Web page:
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A long-lived project that still receives updates
Modify your ENV
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 Project Readme

Climate Control

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Easily manage your environment.

Installation

Add this line to your application's Gemfile:

gem 'climate_control'

And then execute:

$ bundle

Or install it yourself as:

$ gem install climate_control

Usage

Climate Control can be used to temporarily assign environment variables within a block:

ClimateControl.modify CONFIRMATION_INSTRUCTIONS_BCC: 'confirmation_bcc@example.com' do
  sign_up_as 'john@example.com'

  confirm_account_for_email 'john@example.com'

  expect(current_email).to bcc_to('confirmation_bcc@example.com')
end

To modify multiple environment variables:

ClimateControl.modify CONFIRMATION_INSTRUCTIONS_BCC: 'confirmation_bcc@example.com',
                      MAIL_FROM: 'us@example.com' do
  sign_up_as 'john@example.com'

  confirm_account_for_email 'john@example.com'

  expect(current_email).to bcc_to('confirmation_bcc@example.com')
  expect(current_email).to be_from('us@example.com')
end

To use with RSpec, you could define this in your spec:

def with_modified_env(options = {}, &block)
  ClimateControl.modify(options, &block)
end

This would allow for more straightforward way to modify the environment:

require 'spec_helper'

describe Thing, 'name' do
  it 'appends ADDITIONAL_NAME' do
    with_modified_env ADDITIONAL_NAME: 'bar' do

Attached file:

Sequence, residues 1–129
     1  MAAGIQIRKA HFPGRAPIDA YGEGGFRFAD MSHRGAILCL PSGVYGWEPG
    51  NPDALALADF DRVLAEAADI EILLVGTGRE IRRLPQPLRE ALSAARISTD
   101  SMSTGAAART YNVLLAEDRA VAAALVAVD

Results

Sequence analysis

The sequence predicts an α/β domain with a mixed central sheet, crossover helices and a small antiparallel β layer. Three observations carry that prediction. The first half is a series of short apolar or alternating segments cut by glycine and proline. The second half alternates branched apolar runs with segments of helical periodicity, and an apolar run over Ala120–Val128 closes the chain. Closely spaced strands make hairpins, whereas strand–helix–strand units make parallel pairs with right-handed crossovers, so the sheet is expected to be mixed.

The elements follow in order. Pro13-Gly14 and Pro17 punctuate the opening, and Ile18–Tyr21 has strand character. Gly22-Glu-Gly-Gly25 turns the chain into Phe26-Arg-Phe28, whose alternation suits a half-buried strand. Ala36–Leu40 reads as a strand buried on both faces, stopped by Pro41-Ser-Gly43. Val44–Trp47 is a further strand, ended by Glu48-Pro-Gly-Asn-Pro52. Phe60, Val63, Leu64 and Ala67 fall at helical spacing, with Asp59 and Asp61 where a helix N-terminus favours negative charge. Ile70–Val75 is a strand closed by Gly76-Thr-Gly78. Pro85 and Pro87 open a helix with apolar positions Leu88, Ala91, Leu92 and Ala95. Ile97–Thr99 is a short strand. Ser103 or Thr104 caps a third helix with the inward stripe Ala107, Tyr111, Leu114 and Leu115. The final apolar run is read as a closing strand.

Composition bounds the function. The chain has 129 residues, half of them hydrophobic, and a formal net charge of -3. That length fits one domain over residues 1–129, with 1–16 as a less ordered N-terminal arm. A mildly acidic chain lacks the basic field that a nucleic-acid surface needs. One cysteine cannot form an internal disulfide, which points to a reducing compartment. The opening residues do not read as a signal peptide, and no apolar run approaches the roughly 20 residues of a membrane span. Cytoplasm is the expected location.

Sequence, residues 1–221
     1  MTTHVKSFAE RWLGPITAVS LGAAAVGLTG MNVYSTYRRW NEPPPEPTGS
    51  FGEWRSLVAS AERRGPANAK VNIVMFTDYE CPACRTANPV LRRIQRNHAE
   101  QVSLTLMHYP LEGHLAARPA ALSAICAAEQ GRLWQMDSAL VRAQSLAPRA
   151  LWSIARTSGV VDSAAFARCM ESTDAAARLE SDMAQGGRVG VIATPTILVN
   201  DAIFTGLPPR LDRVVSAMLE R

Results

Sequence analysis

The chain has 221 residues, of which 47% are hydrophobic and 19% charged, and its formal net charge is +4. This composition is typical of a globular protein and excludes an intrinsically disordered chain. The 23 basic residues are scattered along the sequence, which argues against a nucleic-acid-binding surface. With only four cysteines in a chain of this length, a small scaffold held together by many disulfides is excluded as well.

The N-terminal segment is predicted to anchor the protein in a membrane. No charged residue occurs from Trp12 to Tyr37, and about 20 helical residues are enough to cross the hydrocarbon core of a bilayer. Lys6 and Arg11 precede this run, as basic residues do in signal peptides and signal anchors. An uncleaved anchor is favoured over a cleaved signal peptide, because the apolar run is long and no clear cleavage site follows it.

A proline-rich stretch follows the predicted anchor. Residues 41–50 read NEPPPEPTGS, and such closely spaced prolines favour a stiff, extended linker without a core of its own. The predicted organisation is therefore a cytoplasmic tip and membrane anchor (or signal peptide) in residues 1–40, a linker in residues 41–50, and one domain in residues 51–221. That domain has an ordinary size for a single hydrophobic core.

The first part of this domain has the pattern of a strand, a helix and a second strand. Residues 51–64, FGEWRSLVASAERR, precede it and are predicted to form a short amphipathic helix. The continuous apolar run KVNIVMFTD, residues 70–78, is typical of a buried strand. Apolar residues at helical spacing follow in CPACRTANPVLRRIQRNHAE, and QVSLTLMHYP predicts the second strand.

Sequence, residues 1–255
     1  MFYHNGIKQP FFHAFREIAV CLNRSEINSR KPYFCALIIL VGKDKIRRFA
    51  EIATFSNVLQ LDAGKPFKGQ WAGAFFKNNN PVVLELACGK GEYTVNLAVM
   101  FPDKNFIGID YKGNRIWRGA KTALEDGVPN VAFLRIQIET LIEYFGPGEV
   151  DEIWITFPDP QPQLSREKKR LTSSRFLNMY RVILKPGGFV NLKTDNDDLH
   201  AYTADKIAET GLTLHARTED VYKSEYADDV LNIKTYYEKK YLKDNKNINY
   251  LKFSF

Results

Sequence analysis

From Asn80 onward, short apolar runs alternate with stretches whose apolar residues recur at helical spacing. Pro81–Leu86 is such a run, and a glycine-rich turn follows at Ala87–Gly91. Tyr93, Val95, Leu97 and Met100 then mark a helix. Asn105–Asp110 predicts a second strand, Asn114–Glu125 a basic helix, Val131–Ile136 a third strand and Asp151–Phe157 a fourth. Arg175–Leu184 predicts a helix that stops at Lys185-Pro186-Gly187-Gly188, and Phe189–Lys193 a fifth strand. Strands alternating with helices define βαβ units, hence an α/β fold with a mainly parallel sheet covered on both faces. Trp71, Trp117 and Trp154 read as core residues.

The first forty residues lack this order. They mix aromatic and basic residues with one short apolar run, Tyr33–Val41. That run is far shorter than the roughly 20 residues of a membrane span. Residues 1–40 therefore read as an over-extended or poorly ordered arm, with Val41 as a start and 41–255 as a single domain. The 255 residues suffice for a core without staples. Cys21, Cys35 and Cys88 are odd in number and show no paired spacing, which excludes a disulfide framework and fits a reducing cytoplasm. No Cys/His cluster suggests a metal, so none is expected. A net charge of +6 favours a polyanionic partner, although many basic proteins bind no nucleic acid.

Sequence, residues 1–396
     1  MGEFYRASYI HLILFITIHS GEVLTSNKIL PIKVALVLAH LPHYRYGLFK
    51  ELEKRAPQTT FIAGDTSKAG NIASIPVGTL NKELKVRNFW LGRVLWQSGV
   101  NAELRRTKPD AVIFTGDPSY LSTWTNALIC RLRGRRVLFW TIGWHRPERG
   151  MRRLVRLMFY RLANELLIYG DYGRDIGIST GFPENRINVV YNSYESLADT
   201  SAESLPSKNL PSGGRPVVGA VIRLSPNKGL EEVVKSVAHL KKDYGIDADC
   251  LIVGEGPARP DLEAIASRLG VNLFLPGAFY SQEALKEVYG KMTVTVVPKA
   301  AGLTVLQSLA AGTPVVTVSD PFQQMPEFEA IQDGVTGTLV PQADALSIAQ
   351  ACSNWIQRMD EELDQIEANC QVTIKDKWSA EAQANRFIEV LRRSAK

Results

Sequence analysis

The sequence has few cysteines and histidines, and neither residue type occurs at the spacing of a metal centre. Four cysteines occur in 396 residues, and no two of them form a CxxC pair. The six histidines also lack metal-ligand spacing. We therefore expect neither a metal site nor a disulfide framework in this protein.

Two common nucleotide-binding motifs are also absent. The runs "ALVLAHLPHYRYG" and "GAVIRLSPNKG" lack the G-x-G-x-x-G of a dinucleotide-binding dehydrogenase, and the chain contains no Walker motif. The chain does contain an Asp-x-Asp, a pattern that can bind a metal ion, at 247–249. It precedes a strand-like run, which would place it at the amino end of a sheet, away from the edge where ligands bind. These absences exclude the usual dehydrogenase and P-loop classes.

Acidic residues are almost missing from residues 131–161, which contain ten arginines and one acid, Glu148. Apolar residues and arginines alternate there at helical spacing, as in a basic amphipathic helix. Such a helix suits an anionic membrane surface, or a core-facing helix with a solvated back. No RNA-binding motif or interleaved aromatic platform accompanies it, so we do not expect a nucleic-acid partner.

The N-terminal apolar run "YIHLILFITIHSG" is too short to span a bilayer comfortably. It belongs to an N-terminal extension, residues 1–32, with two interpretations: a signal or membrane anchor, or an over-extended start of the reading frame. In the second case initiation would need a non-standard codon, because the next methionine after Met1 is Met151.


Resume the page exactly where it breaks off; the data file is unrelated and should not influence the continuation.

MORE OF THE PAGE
expect(Thing.new.name).to eq('John Doe Bar')
    end
  end

  def with_modified_env(options, &block)
    ClimateControl.modify(options, &block)
  end
end

To modify the environment for an entire set of tests in RSpec, use an around block:

describe Thing, 'name' do
  # ... tests

  around do |example|
    ClimateControl.modify FOO: 'bar' do
      example.run
    end
  end
end

Environment variables assigned within the block will be preserved; essentially, the code should behave exactly the same with and without the block, except for the overrides. Transparency is crucial because the code executed within the block is not for ClimateControl to manage or modify. See the tests for more detail about the specific behaviors.

Why Use Climate Control?

By following guidelines regarding environment variables outlined by the twelve-factor app, testing code in an isolated manner becomes more difficult:

  • avoiding modifications and testing values, we introduce mystery guests
  • making modifications and testing values, we introduce risk as environment variables represent global state

Climate Control modifies environment variables only within the context of the block, ensuring values are managed properly and consistently.

Thread-safety

When using threads, for instance when running tests concurrently in the same process, you may need to wrap your code inside ClimateControl.modify blocks, e.g.:

first_thread = Thread.new do
  ClimateControl.modify(SECRET: "1") do
    p ENV["SECRET"] # => "1"
    sleep 2
    p ENV["SECRET"] # => "1"
  end
end

second_thread = Thread.new do
  ClimateControl.modify({}) do
    sleep 1
    p ENV["SECRET"] # => nil
    sleep 1
    p ENV["SECRET"] # => nil
  end
end

first_thread.join
second_thread.join

The modification wraps ENV in a mutex. If there's contention (the env being used - including potentially mutating values), it blocks until the value is freed (we shift out of the Ruby block).

Josh Clayton

Contributing

  1. Fork it
  2. Create your feature branch (git checkout -b my-new-feature)
  3. Commit your changes (git commit -am 'Add some feature')
  4. Push to the branch (git push origin my-new-feature)
  5. Create new Pull Request

This project uses StandardRB to ensure formatting.

License

climate_control is copyright 2012-2021 Joshua Clayton and thoughtbot, inc. It is free software and may be redistributed under the terms specified in the LICENSE file.

About thoughtbot

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climate_control is maintained and funded by thoughtbot, inc. The names and logos for thoughtbot are trademarks of thoughtbot, inc.

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